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Uganda is not a water scarce country but poor land management practices are leading to catchment degradation resulting in river siltation and degraded rivers banks. GWEFODE’s work is to improve catchment management and restore / maintain environmental flows in critical freshwater ecosystems that are not only important for safeguarding Uganda’s biodiversity but are also important sources for domestic (drinking and agriculture), municipal and industrial use.

The program also focuses on increasing access to clean and safe water and improving sanitation and hygiene (WASH) through developing partnerships with government entities such as Ministry of Water and Environment helping to secure water resources for nature, sustainable productive use whilst also increasing access to clean and safe water for water stressed communities.  The topography of many areas in South-western Uganda is hilly with no water sources making it difficult for many people to access gravity flow water. Therefore, Rainwater harvesting continues to be a reliable method of providing access to clean water for many communities, particularly those located in hilly areas away from municipal water distribution infrastructures. Rainwater harvesting tanks provide a simple and relatively low-cost method of water collection that is generally easy to install and maintain.

Under this program, GWEFODE will

  • Promote sustainable management of water as a natural resource through capacity building, advocacy, awareness raising, information dissemination and strengthening of water management, governance and preservation systems in order to increase access to adequate clean safe water and sanitation facilities to reduce on water borne diseases in communities.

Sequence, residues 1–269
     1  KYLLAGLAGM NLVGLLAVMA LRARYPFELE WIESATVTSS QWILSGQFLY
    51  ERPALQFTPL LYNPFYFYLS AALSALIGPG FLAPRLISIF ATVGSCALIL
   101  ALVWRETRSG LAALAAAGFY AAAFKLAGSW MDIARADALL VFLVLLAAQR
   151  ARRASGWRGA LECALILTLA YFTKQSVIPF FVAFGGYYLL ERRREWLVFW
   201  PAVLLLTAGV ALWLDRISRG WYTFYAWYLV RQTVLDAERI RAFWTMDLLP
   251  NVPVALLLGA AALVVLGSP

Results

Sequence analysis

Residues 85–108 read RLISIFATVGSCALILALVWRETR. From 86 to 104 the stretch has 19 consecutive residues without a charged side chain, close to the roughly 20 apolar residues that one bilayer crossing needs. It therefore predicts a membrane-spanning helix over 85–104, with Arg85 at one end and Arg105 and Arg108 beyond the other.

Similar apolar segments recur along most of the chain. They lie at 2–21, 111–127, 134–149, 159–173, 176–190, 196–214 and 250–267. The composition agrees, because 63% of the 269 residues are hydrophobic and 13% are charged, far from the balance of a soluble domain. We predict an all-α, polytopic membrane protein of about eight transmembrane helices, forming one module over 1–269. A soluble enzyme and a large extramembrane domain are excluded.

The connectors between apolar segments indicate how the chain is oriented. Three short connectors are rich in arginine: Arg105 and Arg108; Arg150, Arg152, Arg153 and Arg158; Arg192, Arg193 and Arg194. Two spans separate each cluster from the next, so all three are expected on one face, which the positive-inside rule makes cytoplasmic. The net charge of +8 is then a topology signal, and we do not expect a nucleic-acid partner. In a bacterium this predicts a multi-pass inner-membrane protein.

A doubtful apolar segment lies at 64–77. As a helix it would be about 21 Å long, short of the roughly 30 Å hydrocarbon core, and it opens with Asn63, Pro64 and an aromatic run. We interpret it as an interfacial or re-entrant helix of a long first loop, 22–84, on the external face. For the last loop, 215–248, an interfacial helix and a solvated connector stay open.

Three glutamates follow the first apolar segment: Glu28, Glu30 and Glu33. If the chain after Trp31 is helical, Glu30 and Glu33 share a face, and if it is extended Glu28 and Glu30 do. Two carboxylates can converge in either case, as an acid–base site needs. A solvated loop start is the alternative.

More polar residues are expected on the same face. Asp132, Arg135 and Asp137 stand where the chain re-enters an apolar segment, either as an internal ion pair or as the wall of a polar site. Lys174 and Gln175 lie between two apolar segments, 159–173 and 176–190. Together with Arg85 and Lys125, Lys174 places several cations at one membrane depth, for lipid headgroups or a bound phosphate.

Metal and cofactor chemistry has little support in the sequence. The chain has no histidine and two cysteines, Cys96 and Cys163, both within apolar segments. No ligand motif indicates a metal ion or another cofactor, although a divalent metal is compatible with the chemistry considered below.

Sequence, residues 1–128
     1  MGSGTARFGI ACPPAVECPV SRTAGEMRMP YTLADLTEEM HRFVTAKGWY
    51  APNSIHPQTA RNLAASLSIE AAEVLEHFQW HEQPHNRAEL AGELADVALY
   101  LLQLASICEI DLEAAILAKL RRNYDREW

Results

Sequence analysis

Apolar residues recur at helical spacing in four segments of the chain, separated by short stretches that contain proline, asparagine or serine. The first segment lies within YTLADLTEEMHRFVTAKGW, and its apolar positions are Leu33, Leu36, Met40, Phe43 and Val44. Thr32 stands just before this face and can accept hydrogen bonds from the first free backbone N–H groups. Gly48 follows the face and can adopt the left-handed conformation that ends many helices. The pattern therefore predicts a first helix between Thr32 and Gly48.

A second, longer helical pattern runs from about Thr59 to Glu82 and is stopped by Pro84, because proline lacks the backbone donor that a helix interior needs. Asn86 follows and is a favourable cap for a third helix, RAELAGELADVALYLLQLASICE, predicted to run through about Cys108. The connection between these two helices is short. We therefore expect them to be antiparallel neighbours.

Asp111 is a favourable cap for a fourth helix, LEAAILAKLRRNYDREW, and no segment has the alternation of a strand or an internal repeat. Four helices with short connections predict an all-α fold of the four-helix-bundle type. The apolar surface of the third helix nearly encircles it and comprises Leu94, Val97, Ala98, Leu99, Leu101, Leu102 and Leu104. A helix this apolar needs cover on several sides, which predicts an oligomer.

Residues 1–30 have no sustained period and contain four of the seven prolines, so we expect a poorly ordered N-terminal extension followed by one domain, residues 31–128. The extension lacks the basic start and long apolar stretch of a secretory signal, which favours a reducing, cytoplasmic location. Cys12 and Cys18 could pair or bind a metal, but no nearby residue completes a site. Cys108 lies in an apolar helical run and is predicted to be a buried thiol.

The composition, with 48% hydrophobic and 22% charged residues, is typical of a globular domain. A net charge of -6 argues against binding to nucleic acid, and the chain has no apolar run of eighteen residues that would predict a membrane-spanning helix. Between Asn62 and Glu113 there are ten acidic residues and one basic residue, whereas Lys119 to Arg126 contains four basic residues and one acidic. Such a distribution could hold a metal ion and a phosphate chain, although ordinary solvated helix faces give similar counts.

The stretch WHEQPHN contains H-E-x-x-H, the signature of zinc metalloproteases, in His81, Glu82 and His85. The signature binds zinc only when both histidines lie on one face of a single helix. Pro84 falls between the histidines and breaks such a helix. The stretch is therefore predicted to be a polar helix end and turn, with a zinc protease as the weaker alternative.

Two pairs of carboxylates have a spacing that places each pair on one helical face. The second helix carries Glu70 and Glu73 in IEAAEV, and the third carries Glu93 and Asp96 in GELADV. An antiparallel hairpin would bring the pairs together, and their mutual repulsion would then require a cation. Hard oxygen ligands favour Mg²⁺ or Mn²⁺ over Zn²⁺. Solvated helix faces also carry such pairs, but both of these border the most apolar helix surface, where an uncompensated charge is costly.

• Support and promote Domestic / Households and communal rain water harvesting through construction of facilities such as Rain Water Harvesting and storage Tanks, Ventilated Improved Pit (VIP) latrines to improve hygiene and sanitation at households and schools, Establishment of school health and sanitation clubs.

  • Empower women to challenge gender stereotypes through training Women as masons in water tank construction and maintenance equipping them with knowledge and skills to improve access to water, sanitation and Hygiene in their household and in the community and improving their livelihood skills for future employment and income.

  • Improve the management of water sources through refresher trainings and sensitization of community members especially women and children on better use, operation and maintenance of Water Sanitation and Hygiene Facilities

  • Promote and protect women right to water and sanitation at community level through capacity building in Human rights monitoring, advocacy and reporting by establishing Human Rights and Water Protection Committees (HRWPC’s), Water User Committees (WUC’s) and mentoring women groups in Water resources management.

  • Undertake advocacy campaigning on Water issues which empowers women and communities to carry out advocacy on Water issues by themselves, establishing new women groups and strengthening existing ones thinking of innovative ways of how to bring water close to themselves and their communities through initiating Rain Water Harvesting Tank Schemes

  • Train local women groups from water stressed areas as masons in construction of water tanks empowering them  to become efficient water users and managers, engaging in advocacy and lobbying government leaders to bring water to their communities, participatory planning, monitoring and evaluation, dialogues, Documenting and dissemination of community voices and media campaigns for emergency advocacy issues that need attention or facilitation and formation of community based monitors and evaluators.